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Let $f(x+iy): \mathbb{c}\to\mathbb{c}$ be a function on the complex plane.

Let $T_{a+ib}: f(x+iy)\to f(x-a+i(y-b))$ be the translation operator.

For a real-valued one dimensional function we can express a translation as a convolution with a shifted $\delta$. For example, $$T_ng(x)=g(x)*\delta(x-n)$$ or, assuming the Fourier Transform exists and the convolution theorem is valid, $$T_ng(x)=FT^{-1}(\hat{\delta}(x-n)\hat{g}(x))$$

Question pt1: For the complex valued function $f(x+iy)$, how should we properly define a complex valued delta distribution and express the translation operator $T_{a+ib}$ in terms of a convolution with a $\delta$ distribution? I can't really find any information on $\delta$ in the complex plane. Is the idea to treat it as a double convolution with two $\delta$s, one for the real part, and another for the imaginary part: $$T_{a+ib}f(x+iy)=f(x-a+i(y-b))=$$$$\delta_{a+ib}*f(x+iy)=\delta_{ib}*(\delta_{a}*f(x+iy))=f(x-a+i(y-b))$$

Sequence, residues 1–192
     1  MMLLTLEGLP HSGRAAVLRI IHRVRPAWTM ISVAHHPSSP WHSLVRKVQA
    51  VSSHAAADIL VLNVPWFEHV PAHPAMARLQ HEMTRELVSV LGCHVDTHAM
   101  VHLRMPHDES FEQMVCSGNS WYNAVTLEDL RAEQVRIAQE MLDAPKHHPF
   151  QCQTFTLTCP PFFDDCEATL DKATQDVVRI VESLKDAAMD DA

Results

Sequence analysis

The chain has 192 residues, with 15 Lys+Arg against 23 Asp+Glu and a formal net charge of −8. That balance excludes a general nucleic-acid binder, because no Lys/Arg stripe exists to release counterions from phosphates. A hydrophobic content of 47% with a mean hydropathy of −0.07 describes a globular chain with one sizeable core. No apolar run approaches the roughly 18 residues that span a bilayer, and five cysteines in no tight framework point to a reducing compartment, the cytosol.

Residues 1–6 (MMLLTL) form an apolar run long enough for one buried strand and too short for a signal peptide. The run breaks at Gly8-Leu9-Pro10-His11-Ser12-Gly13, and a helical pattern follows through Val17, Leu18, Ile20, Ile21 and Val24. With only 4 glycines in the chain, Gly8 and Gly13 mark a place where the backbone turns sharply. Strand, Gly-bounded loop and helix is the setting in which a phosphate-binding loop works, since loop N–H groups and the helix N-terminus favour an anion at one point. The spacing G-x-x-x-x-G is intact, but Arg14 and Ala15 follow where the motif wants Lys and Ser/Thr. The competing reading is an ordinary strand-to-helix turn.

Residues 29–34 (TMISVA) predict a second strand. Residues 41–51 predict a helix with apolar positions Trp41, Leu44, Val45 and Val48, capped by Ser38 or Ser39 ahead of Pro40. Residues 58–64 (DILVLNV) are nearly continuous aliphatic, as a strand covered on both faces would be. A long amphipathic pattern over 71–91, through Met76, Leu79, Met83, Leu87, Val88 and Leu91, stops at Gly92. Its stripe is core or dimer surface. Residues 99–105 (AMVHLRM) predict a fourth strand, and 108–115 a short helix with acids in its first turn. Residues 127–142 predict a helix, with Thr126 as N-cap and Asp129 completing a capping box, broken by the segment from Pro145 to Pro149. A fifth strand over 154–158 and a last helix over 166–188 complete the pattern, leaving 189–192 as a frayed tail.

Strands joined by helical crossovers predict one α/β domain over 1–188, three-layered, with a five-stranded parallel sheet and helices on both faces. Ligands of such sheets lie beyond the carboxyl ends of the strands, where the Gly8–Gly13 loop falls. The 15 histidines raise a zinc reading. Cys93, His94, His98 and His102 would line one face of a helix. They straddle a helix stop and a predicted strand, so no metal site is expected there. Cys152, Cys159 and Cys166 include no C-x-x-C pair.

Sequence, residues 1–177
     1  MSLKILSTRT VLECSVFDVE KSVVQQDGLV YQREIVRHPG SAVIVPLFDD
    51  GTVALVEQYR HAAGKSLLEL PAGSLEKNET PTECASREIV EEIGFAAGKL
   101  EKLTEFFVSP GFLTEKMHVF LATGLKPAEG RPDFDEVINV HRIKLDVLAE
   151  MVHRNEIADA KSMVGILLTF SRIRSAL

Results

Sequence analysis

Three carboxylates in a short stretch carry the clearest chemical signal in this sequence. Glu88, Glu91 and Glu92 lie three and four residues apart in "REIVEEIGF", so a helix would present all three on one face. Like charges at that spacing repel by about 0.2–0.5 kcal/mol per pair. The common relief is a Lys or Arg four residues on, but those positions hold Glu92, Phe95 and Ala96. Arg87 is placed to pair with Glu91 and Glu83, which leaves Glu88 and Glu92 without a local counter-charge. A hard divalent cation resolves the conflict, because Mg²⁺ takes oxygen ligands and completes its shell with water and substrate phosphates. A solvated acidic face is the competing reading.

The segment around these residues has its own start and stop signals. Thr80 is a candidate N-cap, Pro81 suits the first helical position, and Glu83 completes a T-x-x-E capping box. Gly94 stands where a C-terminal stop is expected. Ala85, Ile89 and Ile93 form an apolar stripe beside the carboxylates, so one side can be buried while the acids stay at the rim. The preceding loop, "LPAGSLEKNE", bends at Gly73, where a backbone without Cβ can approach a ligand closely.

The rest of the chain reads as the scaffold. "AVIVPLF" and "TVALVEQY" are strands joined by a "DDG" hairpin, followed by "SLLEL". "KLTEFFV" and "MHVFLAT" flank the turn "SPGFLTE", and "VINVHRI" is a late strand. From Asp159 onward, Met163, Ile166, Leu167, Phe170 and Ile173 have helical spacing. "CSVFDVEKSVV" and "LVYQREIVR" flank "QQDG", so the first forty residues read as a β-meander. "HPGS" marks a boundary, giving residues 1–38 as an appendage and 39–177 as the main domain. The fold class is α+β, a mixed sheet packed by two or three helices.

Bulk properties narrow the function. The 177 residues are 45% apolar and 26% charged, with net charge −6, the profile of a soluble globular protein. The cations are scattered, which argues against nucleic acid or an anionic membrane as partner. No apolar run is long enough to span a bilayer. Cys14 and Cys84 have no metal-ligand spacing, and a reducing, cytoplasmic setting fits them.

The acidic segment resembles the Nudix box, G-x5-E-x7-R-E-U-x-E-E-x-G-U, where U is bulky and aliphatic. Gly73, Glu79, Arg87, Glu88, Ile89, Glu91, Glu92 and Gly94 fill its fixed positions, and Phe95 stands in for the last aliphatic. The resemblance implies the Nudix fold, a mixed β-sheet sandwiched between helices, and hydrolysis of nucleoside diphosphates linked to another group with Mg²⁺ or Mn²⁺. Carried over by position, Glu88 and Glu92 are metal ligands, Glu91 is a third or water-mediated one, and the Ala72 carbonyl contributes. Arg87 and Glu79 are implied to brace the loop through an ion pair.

Question pt2: How do we express $T_{a+ib}$ in terms of a multiplication with the Fourier Transform of $f(x+iy)$ and $\delta_{a+ib}$ (assuming the Fourier transform exists for both)?

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What you said in the case of $\mathbb R$ can be easily generalized to the case of $\mathbb R^n$. Complex numbers are a particular case when $n=2$.

Define $\delta(f)=f(0)$. This define some distribution. We get

$$(g*\delta(x-a))(t)=\int\limits_{\mathbb R^n}g(x)\delta(t-x-a)=g(t-a).$$

As $FT(f*g)=FT(f)*FT(g)$ we get

$g(t-a)=FT^{-1}(FT(g(t-a)))=FT^{-1}(FT(g*\delta(x-a)))=FT^{-1}(FT(g)FT(\delta(x-a)))=FT^{-1}(FT(g)e^{-2\pi i(\xi, a)}).$

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